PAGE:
Study: Many U.S. Cities Unprepared for Future Heat Waves

What’s the deadliest natural disaster? In the United States, it’s heat. Between 1979 and 2003, heat waves killed at least 8,015 Americans, according to the Centers for Disease Control and Prevention. That’s more than hurricanes, lightning, tornadoes, floods and earthquakes combined. And it’s largely an urban problem—the bulk of those deaths occur in cities.

Why are cities so susceptible to heat waves? Well, in part because that’s where most people live (obviously). But there’s another factor, too: Cities tend to run much hotter than nearby rural areas. This is due to what’s known as the urban heat island effect. There are fewer trees and plants in the city to enable evaporation. Buildings and pavements absorb more warmth from the sun. And factories and automobiles give off waste heat. That all adds up. On a hot summer afternoon, a large city can easily run 5°F to 18°F hotter than surrounding rural areas, enough to turn an unpleasant heat wave into a deadly calamity.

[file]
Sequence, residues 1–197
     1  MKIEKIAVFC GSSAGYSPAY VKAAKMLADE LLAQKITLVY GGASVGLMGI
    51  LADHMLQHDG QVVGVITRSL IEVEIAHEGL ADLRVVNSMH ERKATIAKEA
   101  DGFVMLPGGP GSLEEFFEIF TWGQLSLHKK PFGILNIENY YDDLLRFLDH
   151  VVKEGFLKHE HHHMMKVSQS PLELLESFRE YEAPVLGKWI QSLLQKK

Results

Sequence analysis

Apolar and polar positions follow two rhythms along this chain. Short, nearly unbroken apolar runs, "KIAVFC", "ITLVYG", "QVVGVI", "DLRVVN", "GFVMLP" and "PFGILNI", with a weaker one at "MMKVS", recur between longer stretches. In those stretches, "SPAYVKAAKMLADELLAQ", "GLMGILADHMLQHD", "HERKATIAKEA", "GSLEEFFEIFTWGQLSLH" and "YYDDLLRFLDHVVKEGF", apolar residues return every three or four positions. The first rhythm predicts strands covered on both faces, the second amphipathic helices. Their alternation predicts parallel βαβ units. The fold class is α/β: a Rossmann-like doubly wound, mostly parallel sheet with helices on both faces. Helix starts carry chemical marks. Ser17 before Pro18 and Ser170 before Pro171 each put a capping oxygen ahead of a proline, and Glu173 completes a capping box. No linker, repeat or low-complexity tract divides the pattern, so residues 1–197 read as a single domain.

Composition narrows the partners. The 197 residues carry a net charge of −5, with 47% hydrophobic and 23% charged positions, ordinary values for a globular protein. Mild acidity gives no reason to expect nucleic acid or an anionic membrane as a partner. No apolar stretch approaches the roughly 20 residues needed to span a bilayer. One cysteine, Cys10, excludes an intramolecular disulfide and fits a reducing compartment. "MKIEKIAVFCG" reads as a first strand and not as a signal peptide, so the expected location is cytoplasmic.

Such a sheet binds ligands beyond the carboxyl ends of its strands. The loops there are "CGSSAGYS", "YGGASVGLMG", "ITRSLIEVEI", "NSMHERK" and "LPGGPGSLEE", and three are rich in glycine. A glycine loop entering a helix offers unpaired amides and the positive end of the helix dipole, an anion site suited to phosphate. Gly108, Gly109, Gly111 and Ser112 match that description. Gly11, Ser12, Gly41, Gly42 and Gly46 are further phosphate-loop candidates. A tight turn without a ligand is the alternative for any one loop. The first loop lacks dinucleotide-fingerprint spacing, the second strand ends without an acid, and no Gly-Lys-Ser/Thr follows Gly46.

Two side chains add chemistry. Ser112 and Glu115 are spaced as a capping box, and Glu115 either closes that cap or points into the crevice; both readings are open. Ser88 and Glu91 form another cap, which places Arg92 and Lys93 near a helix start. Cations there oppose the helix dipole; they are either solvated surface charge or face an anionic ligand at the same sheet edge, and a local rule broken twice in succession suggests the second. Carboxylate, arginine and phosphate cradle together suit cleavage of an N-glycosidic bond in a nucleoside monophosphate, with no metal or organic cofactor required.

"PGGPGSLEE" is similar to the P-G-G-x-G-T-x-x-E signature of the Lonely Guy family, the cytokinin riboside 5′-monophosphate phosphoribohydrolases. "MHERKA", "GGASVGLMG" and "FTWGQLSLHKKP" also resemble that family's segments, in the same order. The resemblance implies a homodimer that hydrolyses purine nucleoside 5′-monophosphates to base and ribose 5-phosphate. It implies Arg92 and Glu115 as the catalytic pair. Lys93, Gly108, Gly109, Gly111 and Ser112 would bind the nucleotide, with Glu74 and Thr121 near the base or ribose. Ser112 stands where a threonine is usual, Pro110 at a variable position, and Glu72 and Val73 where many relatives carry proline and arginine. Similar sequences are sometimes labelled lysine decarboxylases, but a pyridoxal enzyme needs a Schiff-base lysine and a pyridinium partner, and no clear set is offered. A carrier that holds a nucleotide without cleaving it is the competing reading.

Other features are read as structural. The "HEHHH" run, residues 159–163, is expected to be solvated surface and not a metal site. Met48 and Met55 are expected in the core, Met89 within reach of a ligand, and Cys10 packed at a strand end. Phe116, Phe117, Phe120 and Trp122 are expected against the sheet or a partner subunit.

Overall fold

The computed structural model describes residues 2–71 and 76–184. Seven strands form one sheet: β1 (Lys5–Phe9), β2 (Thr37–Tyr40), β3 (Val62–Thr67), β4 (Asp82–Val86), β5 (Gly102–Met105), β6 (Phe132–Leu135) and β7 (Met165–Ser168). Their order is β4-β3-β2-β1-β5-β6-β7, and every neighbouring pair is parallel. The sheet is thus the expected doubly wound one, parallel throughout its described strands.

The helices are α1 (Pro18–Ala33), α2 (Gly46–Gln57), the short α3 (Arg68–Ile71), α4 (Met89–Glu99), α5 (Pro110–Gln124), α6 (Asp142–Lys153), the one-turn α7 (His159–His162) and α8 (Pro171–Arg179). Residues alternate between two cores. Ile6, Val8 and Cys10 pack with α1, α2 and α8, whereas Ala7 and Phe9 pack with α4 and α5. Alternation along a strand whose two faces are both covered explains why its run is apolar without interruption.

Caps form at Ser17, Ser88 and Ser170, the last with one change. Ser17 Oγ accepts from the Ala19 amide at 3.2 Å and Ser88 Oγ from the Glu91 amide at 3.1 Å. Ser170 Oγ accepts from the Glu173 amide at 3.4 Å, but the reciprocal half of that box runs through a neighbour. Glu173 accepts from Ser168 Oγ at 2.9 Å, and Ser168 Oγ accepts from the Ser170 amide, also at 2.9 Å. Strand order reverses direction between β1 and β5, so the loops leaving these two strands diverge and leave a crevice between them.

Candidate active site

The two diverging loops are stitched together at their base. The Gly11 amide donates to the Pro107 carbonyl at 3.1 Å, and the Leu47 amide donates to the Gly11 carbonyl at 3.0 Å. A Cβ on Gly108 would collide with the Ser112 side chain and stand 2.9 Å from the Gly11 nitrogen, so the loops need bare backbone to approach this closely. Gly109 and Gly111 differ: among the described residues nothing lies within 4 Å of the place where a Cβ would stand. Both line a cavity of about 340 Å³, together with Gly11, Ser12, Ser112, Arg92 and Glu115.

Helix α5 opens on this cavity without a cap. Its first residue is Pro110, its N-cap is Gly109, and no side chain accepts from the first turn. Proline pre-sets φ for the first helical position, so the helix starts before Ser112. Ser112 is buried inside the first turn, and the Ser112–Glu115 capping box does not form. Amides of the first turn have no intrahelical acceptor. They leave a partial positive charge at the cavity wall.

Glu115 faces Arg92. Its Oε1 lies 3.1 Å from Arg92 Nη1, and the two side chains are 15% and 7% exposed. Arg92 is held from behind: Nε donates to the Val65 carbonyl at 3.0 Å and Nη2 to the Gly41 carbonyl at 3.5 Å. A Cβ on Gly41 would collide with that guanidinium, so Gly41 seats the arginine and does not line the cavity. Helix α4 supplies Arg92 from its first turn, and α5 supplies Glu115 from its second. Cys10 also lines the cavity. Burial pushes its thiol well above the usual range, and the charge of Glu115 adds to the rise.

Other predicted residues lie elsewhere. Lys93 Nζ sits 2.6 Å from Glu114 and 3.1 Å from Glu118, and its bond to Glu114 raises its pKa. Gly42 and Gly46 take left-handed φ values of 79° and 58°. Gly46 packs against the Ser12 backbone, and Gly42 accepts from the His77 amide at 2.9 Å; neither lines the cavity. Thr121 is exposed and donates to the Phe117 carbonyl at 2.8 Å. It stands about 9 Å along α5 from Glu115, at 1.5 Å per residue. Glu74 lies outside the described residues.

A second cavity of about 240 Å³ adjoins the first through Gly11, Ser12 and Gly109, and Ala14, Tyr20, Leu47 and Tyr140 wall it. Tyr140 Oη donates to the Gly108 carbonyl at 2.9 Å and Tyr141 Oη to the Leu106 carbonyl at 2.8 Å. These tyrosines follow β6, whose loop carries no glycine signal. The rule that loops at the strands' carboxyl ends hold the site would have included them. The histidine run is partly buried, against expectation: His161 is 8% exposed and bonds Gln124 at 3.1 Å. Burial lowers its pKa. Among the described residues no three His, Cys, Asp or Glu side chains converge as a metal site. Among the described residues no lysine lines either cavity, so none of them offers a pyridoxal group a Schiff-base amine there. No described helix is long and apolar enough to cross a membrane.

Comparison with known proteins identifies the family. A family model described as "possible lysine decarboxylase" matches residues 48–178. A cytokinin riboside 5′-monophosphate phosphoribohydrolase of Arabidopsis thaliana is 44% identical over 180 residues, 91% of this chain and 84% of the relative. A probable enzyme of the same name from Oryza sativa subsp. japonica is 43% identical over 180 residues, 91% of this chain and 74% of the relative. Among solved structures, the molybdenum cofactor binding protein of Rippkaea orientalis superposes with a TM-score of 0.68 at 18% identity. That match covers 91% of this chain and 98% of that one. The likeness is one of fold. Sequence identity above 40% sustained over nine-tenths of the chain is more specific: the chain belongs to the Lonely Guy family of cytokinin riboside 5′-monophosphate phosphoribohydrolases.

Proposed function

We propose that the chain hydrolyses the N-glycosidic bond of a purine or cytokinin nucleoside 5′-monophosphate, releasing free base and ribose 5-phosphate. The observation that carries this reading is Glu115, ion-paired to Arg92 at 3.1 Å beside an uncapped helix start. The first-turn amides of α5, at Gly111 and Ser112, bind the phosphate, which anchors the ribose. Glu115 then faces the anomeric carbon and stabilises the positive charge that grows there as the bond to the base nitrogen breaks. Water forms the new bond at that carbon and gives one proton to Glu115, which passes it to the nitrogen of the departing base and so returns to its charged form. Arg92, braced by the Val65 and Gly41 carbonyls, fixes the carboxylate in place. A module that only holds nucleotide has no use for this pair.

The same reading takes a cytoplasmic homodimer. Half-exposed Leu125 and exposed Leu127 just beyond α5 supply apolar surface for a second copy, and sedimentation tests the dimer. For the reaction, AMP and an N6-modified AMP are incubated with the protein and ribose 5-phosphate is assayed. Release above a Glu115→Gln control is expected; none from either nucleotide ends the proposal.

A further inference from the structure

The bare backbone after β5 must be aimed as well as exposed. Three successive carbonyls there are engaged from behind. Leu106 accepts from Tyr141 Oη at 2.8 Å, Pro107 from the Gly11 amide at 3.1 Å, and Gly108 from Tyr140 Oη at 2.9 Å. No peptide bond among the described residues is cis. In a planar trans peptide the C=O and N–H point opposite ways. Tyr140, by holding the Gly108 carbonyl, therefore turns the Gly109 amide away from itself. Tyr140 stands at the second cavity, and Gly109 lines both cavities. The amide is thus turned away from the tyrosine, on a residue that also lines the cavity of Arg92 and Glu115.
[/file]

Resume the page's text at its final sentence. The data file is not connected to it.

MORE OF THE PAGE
Source: The Washington Post

Publication Date: July 0012

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